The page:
A simple question; I am reading the Apostolic Fathers and have noticed how they frequently refer to themselves as 'Gods Chosen' and speak of the Old Testament prophets as 'Our Forefathers'. This naturally leads us to ask whether or not any of them were ethnic Jews? Considering that Eusebius records the first fifteen Bishops of Jerusalem as 'being of the circumcision' it would be strange if none of the apostolic fathers were of that ethnicity.
Were any of the Apostolic Fathers Jews?
The short answer is yes!
St. Ignatius of Antioch
It is piously believed by many Catholics that St. Ignatius of Antioch was of Jewish origin. In fact, there is an ancient tradition that he was the child whom Christ took and presented to the apostles as the example of the one who is greater in the kingdom of heaven (Matt. 18:1-4).
St. Ignatius of Antioch, the child who is greater in the kingdom of heaven
At that hour the disciples came to Jesus, saying: Who thinkest thou is the greater in the kingdom of heaven? And Jesus calling unto him a little child, set him in the midst of them, And said: Amen I say to you, unless you be converted, and become as little children, you shall not enter into the kingdom of heaven. Whosoever therefore shall humble himself as this little child, he is the greater in the kingdom of heaven. (Matthew 18:1-4)
According to an ancient tradition, St. Ignatius of Antioch was the child whom Christ took and presented to the apostles as the example of the one who is greater in the kingdom of heaven. From that day the child, who was most beloved by the Savior and favored with the divine embrace, was also marked as the one upon whom lions would feast in the Roman Colosseum.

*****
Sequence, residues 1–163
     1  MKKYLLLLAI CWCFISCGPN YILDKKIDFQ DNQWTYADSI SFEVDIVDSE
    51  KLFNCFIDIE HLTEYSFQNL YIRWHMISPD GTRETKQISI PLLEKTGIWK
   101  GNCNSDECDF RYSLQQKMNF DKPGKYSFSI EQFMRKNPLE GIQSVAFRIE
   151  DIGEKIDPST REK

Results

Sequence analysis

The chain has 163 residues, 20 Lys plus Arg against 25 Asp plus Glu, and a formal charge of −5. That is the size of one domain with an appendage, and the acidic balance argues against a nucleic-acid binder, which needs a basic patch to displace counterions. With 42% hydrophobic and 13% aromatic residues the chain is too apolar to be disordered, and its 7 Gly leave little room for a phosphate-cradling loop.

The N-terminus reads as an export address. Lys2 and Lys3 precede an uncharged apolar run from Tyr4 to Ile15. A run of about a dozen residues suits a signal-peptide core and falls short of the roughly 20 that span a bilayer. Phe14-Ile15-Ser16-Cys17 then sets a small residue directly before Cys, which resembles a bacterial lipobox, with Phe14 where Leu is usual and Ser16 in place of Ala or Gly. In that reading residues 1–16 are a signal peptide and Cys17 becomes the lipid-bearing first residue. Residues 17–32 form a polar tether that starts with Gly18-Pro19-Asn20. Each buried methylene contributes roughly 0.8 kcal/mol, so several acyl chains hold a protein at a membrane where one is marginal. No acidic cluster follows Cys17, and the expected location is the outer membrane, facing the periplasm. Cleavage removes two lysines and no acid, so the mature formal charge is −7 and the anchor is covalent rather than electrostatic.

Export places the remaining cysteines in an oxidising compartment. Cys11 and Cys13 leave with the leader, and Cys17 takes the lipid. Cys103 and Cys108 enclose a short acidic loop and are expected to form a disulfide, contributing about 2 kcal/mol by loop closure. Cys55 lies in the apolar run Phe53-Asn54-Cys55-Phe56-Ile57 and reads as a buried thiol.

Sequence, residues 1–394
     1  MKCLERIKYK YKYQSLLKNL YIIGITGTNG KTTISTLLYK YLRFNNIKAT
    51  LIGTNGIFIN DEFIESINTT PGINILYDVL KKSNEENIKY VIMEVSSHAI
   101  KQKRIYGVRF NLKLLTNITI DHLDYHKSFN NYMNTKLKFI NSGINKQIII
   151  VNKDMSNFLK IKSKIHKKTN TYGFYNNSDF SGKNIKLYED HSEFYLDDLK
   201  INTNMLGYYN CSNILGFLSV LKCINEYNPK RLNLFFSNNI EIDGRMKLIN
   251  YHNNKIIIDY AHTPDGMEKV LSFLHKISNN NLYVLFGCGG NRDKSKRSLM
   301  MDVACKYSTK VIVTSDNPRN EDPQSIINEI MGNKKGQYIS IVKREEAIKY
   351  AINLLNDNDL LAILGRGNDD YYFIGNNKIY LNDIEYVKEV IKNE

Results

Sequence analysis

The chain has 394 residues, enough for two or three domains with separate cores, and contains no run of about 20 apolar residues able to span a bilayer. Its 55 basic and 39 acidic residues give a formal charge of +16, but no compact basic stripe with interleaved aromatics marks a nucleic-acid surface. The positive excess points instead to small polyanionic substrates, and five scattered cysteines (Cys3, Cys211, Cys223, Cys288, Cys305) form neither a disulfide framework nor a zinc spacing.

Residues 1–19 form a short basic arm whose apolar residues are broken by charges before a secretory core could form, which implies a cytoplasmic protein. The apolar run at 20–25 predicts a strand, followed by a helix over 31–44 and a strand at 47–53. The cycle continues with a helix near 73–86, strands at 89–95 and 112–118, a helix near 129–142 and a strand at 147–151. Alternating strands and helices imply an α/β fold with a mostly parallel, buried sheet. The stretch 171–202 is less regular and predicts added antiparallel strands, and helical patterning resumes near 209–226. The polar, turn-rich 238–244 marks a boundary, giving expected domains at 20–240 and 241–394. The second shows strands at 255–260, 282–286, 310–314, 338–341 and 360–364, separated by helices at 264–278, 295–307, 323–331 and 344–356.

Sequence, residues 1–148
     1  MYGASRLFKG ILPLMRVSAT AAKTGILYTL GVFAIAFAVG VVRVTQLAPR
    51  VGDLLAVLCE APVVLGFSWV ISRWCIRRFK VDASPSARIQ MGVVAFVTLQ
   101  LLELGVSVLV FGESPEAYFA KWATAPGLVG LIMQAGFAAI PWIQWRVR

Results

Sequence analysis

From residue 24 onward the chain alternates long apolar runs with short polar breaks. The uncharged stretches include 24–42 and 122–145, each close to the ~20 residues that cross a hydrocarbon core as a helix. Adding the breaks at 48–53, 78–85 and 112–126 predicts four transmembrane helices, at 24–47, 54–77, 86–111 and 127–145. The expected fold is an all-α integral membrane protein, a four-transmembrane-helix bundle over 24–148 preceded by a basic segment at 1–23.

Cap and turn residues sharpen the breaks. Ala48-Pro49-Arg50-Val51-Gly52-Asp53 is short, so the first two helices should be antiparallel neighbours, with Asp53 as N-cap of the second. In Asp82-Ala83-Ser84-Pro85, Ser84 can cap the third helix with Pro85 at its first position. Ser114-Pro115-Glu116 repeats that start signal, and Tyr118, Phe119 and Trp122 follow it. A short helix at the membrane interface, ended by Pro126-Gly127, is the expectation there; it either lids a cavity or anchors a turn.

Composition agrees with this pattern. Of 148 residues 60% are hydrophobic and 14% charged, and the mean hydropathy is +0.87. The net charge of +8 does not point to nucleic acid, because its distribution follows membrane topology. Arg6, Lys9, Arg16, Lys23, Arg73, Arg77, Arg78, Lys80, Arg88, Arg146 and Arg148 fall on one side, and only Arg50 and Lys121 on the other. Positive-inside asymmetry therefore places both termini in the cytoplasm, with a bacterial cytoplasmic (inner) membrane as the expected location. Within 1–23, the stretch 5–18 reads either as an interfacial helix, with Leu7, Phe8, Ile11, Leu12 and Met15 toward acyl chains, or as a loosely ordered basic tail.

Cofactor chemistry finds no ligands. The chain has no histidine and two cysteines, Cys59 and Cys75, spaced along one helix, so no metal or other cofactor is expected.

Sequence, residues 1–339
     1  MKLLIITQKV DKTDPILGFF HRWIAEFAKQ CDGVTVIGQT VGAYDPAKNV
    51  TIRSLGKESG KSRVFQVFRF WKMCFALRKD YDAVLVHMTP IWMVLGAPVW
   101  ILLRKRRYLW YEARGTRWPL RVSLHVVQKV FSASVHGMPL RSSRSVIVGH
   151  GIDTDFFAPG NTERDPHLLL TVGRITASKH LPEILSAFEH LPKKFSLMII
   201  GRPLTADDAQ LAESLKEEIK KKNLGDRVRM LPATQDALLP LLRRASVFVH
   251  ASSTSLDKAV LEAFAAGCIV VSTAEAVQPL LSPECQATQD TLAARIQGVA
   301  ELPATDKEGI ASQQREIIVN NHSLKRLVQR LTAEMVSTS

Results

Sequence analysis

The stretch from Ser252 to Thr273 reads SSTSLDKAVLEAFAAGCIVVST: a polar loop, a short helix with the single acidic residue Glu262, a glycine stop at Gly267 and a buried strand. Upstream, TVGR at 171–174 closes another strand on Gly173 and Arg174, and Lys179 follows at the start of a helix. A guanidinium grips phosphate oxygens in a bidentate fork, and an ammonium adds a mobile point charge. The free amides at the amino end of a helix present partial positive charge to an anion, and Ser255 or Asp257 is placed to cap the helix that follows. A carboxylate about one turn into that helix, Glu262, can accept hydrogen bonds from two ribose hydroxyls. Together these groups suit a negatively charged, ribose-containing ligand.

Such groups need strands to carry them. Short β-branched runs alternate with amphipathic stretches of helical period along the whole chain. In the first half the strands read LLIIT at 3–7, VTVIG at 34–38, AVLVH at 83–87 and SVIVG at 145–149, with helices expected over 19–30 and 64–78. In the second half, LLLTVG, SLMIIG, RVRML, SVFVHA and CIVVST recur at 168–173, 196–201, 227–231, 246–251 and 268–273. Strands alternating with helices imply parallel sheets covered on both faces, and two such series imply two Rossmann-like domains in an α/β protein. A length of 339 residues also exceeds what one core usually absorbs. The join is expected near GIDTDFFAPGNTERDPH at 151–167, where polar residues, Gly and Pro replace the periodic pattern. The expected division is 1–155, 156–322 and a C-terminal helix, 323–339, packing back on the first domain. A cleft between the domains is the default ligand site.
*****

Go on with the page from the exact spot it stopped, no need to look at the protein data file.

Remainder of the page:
The Orthodox Church seem to piously hold to this tradition about St. Ignatius of Antioch also.
Barnabas, born Joseph, was according to tradition an early Christian, one of the prominent Christian disciples in Jerusalem. According to Acts 4:36, Barnabas was a Cypriot Jew. Named an apostle in Acts 14:14, he and Paul the Apostle undertook missionary journeys together and defended Gentile converts against the Judaizers. They traveled together making more converts (c. 45–47), and participated in the Council of Jerusalem (c. 50). Barnabas and Paul successfully evangelized among the "God-fearing" Gentiles who attended synagogues in various Hellenized cities of Anatolia.
Barnabas' story appears in the Acts of the Apostles, and Paul mentions him in some of his epistles. Tertullian named him as the author of the Epistle to the Hebrews, but this and other attributions are conjecture. Clement of Alexandria and some scholars have ascribed the Epistle of Barnabas to him, but his authorship is disputed.
Although the date, place, and circumstances of his death are historically unverifiable, Christian tradition holds that Barnabas was martyred at Salamis, Cyprus, in 61 AD. He is traditionally identified as the founder of the Cypriot Orthodox Church. The feast day of Barnabas is celebrated on June 11. - Barnabas